Of all the sad retail stories I have heard this year,  this has to be the saddest. Not because the firm has gone from Category Killer to near death; the sad part is just how long the illness has been allowed to continue. Not all the sequence of failure is clear to me-but information and statistics from research into the company’s  and the industry’s history since 2004 keeps leading me to one persistent suspicion: The company was killed (it is all but dead now) by greed of executives and financiers who could not see through their own pockets to make changes that would help the company get back on its feet.

Toys R Us declared bankruptcy in September of 2017. But the story of its decay goes back at least as far as 2004.  Weighted under unpaid debts of around $800 million including $400 million in interest payments that it had been laboring under since a leveraged buyout in 2005. Here’s the first greed part:

Judge Keith Phillips approved $21 billion in bonuses for Toys "R" Us executives, garnering public criticism. The U.S. trustee assigned to the case, Judy A. Robbins, said the idea of big bonuses for a bankrupt company “defies logic and wisdom.”

Understatement: Logic and Wisdom. What good use could $21 billion have been put to? And what is the justification for an executive who is ostensibly a person who cares about the company to ask for a bonus in  that situation at all, much less a salary? Where I grew up, “bonus” is for when you do good-and only then.  OMG.

There are definitely MOAT issues that attributed to the slow and painful death of Toys R Us. We will discuss those below. But beyond that, there had to be management and process failures going back to 2004. At that time, Toys R Us and Amazon were embroiled in a lawsuit where Toys R Us claimed that Amazon breached a contract between the two for TRU to be more or less the exclusive retailer and manager of Toys on the Amazon website. In its counterclaim,

Amazon, of Seattle, denies that it breached its agreement with Toys "R" Us, saying the language of their contract allows for exceptions that permit Amazon and other merchants to sell products that compete with offerings from Toys "R" Us. Amazon further alleges that it urgently needs other merchants to list competitive products on Amazon because Toys "R" Us has failed to keep toys and other items in stock. During key holiday-shopping weeks, Amazon alleges, Toys "R" Us has been out of stock on more than 20% of its most popular products. Amazon also alleges that Toys "R" Us has failed to provide Amazon with a comprehensive selection of toys for sale on the Amazon site -- in particular, low-priced toys (Wingfield, NickWall Street Journal, Eastern edition; New York, N.Y.[New York, N.Y]29 June 2004: B.7.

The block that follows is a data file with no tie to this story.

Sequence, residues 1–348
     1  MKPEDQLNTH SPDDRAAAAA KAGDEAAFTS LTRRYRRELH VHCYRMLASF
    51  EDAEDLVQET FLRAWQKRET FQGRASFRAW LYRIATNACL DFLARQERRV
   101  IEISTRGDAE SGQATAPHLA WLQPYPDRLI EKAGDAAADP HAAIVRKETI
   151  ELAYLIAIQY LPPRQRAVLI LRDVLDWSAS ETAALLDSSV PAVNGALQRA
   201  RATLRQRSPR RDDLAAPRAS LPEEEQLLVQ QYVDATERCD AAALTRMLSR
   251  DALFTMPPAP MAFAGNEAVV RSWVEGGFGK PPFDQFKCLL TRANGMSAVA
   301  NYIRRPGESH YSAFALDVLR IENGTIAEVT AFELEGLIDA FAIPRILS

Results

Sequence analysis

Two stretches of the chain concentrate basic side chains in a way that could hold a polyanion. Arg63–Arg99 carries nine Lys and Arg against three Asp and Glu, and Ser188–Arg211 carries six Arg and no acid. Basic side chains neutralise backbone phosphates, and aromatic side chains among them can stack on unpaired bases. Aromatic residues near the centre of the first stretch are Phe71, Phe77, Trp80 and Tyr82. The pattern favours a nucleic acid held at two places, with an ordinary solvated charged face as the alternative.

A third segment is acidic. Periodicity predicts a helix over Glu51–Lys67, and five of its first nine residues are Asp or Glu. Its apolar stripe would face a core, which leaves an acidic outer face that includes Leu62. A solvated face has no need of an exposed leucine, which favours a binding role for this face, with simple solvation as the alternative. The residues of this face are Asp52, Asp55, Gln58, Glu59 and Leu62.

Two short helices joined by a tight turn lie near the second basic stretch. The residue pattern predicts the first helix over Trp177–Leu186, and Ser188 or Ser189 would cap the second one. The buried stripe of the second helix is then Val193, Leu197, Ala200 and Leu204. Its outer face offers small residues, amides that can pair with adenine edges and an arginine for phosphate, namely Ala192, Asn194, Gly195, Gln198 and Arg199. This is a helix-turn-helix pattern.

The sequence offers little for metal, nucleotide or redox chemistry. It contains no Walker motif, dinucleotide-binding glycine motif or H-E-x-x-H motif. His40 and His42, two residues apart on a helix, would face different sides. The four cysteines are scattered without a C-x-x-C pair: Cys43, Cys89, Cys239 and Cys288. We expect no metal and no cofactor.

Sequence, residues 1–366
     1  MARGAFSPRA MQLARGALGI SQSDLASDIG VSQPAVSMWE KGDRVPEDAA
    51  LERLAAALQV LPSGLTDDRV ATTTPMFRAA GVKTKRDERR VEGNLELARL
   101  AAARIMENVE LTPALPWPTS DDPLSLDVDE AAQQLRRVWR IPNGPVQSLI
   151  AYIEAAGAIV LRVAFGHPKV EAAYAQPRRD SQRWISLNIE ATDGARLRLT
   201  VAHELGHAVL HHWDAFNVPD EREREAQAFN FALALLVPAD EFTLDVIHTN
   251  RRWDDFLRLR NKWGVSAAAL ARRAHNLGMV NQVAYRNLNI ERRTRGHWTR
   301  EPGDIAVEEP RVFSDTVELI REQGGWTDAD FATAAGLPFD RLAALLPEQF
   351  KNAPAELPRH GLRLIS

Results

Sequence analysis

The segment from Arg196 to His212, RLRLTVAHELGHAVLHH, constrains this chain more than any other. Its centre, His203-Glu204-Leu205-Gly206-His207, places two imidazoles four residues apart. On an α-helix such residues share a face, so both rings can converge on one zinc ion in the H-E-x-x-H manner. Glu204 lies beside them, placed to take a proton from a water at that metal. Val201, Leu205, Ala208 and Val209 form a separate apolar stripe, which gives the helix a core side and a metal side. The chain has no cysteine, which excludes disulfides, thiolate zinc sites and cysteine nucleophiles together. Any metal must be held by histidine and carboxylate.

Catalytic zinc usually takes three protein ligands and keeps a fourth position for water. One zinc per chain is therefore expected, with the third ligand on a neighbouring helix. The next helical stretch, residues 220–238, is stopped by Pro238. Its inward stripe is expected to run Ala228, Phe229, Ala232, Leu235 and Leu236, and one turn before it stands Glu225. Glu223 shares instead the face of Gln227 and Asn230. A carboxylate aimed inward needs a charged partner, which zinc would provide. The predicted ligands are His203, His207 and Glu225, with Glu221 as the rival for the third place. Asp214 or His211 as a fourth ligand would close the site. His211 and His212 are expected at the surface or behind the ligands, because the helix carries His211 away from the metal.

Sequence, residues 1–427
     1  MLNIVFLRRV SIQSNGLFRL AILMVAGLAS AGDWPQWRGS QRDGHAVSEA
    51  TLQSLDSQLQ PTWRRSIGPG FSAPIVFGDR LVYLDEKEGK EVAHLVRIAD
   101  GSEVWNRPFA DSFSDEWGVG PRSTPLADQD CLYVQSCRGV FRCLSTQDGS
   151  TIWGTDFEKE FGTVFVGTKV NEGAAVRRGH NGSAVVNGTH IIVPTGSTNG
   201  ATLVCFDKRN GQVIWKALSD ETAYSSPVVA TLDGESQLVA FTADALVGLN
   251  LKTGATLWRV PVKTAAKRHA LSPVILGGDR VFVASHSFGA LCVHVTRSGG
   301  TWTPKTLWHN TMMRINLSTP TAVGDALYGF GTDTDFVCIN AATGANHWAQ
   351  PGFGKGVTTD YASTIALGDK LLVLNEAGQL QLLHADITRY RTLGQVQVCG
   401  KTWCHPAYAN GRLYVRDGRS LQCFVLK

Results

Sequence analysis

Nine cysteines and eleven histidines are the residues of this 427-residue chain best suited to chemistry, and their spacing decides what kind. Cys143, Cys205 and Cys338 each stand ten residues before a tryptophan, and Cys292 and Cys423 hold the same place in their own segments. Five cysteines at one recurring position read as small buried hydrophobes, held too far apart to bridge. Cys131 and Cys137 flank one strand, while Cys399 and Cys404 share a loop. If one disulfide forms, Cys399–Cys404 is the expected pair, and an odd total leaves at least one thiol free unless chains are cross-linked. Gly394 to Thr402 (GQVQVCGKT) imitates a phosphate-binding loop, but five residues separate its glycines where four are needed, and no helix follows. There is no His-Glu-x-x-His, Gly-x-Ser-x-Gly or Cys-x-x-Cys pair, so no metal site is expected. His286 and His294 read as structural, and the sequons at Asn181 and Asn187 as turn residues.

Toys R Us won this lawsuit, garnering a $51M settlement from Amazon ( don’t do that (exclusives or let anyone control their website business, or even pricing) nowadays, and this may have been one of the key lessons learned). But Amazon’s claims seem very real, in view of what is happening now, 13 years later.

Inexplicably, the next year, three hotshot VC’s (considering what happened since, remind you that VC once stood for Viet Cong) KKR, Bain and Vornado took Toys R Us private with a buyout of $7.5 billion, from which point the company was saddled with the above mentioned $400 billion in debt payments. On this subject, and not knowing how the debt was structured, I can’t help but get a feeling that someone made money on this deal.

Just two months after the above article, the WSJ reported, “Toys 'Were' Us?; Undercut by Big Discounters, Toys 'R' Us Is Indicating It May Get Out of the Business.”  The article reports that TRU’s MOAT had been breached by Walmart and “In a surprise move, the once-dominant toy retailer said it is exploring a sale of its core 1,200-store toy chain” and reported an analysis that said, “Given the competitive threat of Wal-Mart today, Toys 'R' Us will not be able to continue as a going concern in the long term without drastic structural changes." (Joseph Pereira, Rob Tomsho and Ann ZimmermanWall Street Journal, Eastern edition; New York, N.Y.[New York, N.Y]12 Aug 2004: B.1.